Twelfth Annual Effort to Bring Donated, Restored Instruments to Underfunded Colorado Schools
Nothing lifts spirits in challenging times like making music, and the annual Bringing Music to Life Instrument Drive intends to bring that gift to Colorado students in underfunded music programs. The annual drive, now in its 12th year, and adapted to ensure safe social distancing, will run from March 7-20.
Coloradans are asked to bring the gently-used band and orchestra instruments they no longer play to any of 17 donation locations across the state. All locations can be found here Bringing Music to Life.
Even if you don’t have an instrument, you can still help by contributing to the repair fund. Donations go to repairing and refurbishing donated instruments, ensuring that they’re in excellent condition when awarded to students. Technicians at the Colorado Institute of Musical Instrument Technology (CIOMIT) and Boomer Music Company in Fort Collins will repair the donated instruments for delivery to deserving school music programs before the start of the 2022-23 school year.
“Instrument repairs are the single greatest expense of the program, with the average repair costing us about $165,” explained Music to Life executive director Steve Blatt. “We especially thank CIOMIT for continuing to appraise and repair instruments at a deep discount on labor.”
Despite the challenges presented by the global pandemic, last year’s drive awarded 597 donated instruments to 41 music programs across the state. After receiving donated instruments from the 2021 drive for her Liberty Point International School in Pueblo, music teacher Yvette Teschner said, “These musical instruments will bring more smiles and happiness to my students.”
Michael Horsford, music instructor at the Aurora Academy Charter School, pointed to another dimension of music education for students who are also learning to speak English. “Learning and performing instrumental music takes away the language barrier and offers these students a new and different way to communicate.”
As students and their families continue to cope with the impact of COVID-19, music can play an even more vital role in their lives. Music teacher Carolyn Warpinski, director of bands and choirs at Hill Campus of Arts and Sciences in Denver noted, “Music is always a reminder of something bigger than yourself, whether it’s an awareness of the composer of a piece or connection to the other students making music with you.”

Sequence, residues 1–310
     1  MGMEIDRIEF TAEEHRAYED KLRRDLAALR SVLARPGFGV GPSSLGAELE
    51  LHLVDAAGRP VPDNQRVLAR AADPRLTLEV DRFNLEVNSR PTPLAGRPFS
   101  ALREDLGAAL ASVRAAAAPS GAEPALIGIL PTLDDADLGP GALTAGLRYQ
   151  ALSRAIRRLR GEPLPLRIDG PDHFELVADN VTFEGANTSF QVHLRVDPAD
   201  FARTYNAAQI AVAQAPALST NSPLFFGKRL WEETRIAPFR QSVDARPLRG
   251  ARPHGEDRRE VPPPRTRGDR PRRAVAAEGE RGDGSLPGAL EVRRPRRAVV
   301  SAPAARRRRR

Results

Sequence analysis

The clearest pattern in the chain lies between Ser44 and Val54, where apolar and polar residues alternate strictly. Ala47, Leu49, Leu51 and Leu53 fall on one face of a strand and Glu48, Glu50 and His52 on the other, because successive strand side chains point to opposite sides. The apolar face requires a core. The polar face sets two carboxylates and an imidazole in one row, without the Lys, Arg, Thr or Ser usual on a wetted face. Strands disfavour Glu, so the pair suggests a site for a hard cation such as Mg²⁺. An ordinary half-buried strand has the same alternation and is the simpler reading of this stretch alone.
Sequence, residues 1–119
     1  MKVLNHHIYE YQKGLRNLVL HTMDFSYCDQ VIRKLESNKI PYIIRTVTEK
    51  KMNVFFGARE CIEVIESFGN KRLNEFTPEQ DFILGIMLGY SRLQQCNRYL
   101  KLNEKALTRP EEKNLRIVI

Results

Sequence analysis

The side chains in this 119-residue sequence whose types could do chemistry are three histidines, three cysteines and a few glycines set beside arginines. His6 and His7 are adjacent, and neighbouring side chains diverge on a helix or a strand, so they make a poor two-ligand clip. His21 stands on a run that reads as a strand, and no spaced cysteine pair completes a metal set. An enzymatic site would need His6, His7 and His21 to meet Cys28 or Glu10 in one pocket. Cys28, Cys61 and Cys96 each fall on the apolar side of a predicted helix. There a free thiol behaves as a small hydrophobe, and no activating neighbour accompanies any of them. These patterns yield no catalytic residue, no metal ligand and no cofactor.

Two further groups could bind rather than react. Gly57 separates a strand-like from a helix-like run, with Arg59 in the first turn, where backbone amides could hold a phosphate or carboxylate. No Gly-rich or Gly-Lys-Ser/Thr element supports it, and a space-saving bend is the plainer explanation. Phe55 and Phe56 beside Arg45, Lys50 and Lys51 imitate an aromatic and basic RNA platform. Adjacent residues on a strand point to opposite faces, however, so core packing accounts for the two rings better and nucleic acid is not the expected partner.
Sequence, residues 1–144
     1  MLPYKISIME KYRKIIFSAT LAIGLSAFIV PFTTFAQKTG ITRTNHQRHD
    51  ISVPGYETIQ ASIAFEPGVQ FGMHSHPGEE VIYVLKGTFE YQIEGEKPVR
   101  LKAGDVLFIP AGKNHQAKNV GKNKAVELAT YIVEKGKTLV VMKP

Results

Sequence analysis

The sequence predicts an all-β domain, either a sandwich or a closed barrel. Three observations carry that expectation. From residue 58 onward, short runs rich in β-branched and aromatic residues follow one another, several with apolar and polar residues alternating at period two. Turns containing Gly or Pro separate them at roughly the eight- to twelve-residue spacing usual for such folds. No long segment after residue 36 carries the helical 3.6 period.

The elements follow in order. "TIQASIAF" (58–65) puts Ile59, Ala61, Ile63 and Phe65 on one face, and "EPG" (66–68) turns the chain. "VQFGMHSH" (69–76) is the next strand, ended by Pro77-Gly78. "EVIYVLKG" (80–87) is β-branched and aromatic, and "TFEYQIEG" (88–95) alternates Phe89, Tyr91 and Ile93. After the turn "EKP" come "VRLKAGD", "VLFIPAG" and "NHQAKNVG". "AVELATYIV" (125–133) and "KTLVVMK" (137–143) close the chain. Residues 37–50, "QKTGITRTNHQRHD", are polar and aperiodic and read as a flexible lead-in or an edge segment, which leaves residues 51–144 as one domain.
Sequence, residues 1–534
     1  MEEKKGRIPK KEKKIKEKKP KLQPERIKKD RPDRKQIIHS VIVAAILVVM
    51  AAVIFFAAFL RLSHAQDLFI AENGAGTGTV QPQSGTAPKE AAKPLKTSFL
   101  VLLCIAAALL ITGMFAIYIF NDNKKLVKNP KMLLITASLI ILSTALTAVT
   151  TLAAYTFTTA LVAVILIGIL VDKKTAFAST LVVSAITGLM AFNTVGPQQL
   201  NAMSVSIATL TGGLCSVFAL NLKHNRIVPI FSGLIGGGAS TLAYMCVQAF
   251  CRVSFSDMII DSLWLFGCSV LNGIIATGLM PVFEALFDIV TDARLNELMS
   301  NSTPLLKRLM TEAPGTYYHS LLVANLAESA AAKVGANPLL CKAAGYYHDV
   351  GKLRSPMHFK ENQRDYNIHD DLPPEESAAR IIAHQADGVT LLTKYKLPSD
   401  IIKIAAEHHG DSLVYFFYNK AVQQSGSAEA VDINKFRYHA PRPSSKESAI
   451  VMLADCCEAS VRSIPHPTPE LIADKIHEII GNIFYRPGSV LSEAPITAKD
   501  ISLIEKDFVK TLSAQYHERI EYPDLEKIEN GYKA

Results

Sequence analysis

“Study after study shows the positive impact that learning music has on children,” Blatt said. “Their listening skills improve, as well as creative thinking, self-discipline and self-esteem. Students learn the value of persevering and how to work with others toward a common goal. We’re excited about reaching even more children, schools, and communities this year.”
Schools that have a majority of students receiving free or reduced-cost lunches are encouraged to apply for instruments now through March 31 using the online application form. Bringing Music to Life will match qualifying schools with donated instruments.
For more information about Bringing Music to Life, visit bringingmusictolife.org.
FAST FACTS: The Instrument Drive
Dates: March 7-20, 2021
Locations: 17 donation locations available throughout the state of Colorado. Visit bringingmusictolife.org/donation-locations for a complete list.
Instruments Needed: Band and orchestra instruments in good condition, including strings, brass, woodwinds, percussion, guitars, and electronic keyboards. We cannot accept upright and grand pianos or organs.
Applications for Instruments: Teachers and principals can apply online at bringingmusictolife.org.
The deadline is March 31, 2022.
Notes of Interest:
- Bringing Music to Life was founded in 2014 by executive director Steve Blatt as a project of the Colorado Nonprofit Development Center to continue the instrument drives he had established and managed at Colorado Public Radio.
- As a result of the 2021 Drive, Bringing Music to Life awarded 597 instruments to 41 Colorado elementary, middle, and high schools. Since the drives began, more than 6,500 instruments have been awarded.
- Because a new student gains access to each donated instrument after its previous user graduates, BMtL estimates conservatively that more than 17,500 Colorado students have benefited from the past eleven years of Instrument Drive donations.
- Instrument repairs are the single largest cost of this effort, with repairs averaging about $165 per instrument. The Colorado Institute of Musical Instrument Technology and Boomer Music Company repair donated instruments for Bringing Music to Life, with CIOMIT doing so at a significant discount on labor.
- Instrument donations are tax-deductible to the extent allowed by law.
Photo courtesy of Bringing Music to Life